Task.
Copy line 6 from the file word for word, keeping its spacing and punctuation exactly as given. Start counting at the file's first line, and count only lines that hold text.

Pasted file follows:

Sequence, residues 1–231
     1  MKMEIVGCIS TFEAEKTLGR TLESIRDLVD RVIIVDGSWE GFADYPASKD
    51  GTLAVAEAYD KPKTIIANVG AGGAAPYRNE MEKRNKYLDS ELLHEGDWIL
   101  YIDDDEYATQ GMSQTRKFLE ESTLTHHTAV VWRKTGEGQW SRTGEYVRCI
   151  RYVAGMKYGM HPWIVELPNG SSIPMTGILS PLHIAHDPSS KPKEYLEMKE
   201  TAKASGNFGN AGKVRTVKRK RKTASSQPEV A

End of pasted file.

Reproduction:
   201  TAKASGNFGN AGKVRTVKRK RKTASSQPEV A